Transoesophageal echocardiography using Haemaccel® (contrast agent), showing: (A) small-sized (less than 10 microbubbles), (B) small-to-moderate (more than 10 microbubbles), and (C) large right-to-left shunt. Abbreviations: AO=aorta, LA=left atrium, MB=microbubbles, PFO=patent foramen ovale and RA=right atrium.

Patent foramen ovale

General overview

Persistent PFO is associated with stroke, decompression sickness (DCS), and other disorders related to paradoxical embolism (Table 4). However, it is still not clear whether this association is causal, due to predisposition, or have an innocent coincidence. Most evidence for a causal relation exists for young patients with cryptogenic stroke.1,28 Also, PFO may induce hypoxemia that predispose to the platypnea–orthodeoxia syndrome (see later).29 In the USA of the 700 000 non-hemorrhagic strokes per year 80% are ischemic and 20% are cryptogenic.30 PFO and/or ASA with or without PFO are present in approximately half of the patients with cryptogenic stroke and in approximately a quarter of healthy individuals.30 In a meta-analysis by Overell et al.31 cryptogenic stroke and transient ischemic attacks were significantly associated with PFO and/or ASA. In contrast, in a recently published population-based prospective study from the Mayo Clinic4 only ASA, but not PFO, was an independent predictor of stroke or transient ischemic attacks, confirming other negative studies. However, essential differences in the Mayo Clinic study should be taken into account when interpretation of the results is applied; the relatively higher age (mean 66.9±13.3 years) of the studied population, other risk factors (hypertension and diabetes mellitus) for stroke are often present. Moreover, it should be noticed that in all (negative and positive) PFO studies conclusions are based on a relatively low number of events. A summary of the results of some important studies is seen in Tables 5 and 6.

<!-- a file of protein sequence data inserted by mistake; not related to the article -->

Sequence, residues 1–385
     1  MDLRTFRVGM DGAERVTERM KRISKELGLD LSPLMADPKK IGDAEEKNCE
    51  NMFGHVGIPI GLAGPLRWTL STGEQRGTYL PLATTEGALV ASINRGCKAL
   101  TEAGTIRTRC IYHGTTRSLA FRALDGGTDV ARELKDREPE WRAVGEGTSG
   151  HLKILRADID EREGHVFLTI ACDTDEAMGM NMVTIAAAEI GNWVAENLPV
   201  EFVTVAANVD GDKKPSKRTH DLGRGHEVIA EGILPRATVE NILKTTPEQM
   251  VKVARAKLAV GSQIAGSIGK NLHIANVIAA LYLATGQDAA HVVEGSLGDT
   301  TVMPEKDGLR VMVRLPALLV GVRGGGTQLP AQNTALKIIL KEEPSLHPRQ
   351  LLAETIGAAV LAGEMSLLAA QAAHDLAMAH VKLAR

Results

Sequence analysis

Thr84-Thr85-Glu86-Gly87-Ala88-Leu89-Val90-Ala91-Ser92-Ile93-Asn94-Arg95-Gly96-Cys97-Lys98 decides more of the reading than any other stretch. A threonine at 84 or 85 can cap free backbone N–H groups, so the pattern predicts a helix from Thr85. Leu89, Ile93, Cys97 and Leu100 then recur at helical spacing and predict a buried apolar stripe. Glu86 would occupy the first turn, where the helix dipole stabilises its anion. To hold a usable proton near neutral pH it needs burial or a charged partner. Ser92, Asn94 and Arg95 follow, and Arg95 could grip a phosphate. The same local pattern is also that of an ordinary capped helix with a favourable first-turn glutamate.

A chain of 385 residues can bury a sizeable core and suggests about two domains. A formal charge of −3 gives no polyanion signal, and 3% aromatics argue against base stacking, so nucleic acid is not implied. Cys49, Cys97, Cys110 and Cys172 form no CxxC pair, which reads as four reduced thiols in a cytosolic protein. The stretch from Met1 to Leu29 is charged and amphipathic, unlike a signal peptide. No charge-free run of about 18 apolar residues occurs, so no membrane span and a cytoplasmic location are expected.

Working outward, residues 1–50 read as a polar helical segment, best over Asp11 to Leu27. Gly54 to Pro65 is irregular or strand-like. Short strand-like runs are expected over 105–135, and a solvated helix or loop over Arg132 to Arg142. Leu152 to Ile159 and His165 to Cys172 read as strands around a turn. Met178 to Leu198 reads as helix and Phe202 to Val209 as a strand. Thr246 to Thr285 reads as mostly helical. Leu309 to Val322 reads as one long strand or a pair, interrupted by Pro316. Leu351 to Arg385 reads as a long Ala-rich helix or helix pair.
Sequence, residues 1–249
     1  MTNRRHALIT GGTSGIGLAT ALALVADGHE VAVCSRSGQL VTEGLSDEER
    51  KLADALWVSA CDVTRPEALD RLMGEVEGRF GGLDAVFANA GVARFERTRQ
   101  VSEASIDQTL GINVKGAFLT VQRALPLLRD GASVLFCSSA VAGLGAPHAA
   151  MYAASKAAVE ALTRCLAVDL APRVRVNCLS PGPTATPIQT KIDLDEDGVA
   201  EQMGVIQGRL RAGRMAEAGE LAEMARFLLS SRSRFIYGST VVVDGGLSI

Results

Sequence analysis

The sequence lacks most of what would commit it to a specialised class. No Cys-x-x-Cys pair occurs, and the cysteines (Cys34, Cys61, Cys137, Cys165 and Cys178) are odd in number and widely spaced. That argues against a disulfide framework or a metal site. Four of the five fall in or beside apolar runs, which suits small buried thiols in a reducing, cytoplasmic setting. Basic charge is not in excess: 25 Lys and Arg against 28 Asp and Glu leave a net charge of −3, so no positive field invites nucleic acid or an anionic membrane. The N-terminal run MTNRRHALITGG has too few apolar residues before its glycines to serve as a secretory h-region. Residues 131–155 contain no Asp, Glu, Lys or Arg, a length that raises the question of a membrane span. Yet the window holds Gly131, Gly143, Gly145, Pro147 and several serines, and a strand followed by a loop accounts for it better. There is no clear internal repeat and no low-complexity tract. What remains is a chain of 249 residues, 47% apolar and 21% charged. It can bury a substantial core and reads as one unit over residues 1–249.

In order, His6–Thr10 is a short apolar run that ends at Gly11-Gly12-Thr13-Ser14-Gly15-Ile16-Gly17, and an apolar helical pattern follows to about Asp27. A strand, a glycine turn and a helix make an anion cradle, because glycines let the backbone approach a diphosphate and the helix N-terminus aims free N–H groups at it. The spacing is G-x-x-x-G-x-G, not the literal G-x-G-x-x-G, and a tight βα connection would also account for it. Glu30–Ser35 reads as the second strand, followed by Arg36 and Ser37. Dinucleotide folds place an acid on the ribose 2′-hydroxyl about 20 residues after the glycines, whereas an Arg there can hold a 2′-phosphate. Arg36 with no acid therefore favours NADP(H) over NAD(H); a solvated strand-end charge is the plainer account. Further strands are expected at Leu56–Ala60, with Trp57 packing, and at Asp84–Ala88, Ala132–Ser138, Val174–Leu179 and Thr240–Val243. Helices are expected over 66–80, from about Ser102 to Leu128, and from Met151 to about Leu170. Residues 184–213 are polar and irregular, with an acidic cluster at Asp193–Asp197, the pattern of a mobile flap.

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Table 4

Conditions associated with PFO and inter-atrial septal abnormalities

Cryptogenic stroke
Transient ischemic attacks
Migraine
Peripheral ischemia
Platypnea–orthodeoxia syndrome
Decompression sickness of the divers
Un-explained dementia79
Un-explained syncope
“Economy-class” stroke syndrome80
Obstructive sleep apnea81
Post-total knee arthroplasty cerebral microembolism82
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Table 5

Relationship between PFO and stroke or transient ischemic attack from prospective studies (incidence of stroke or transient ischemic attack among patients with PFO)

AuthorYearFollow-up (yrs)EchoPatientsStroke or TIAEvent rate (%)
PFOPFO+ASANo PFO
Negative studies
Homma2620022TEE630203 (34%)a141615
Meissner320065TEE58541 (7%)b9197
Positive studies
Mas220014TEE58124 (4%)a2154
  • a=recurrent; b=new-onset; ASA=atrial septal aneurysm; PFO=patent foramen ovale; TEE=transesophageal echocardiography; TIA=transient ischemic attack. All hazard ratios were non-significant.

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Table 6

Observational and cross-sectional studies (prevalence of PFO among patients with stroke)

AuthorYearEchoPatientsCryptogenic strokeNon-cryptogenic strokeControl
PFO/stroke (n)%PFO/stroke (n)%PFO/controls (n)%
Negative studies
Hausmann831992TEE23816/742210/482125/11622
Jones841994TEE42214/712021/1491431/20215
Fisher851995TEE100039/39110NANA391/6099
Positive studies
Lechat11988TTE16014/26544/192110/10010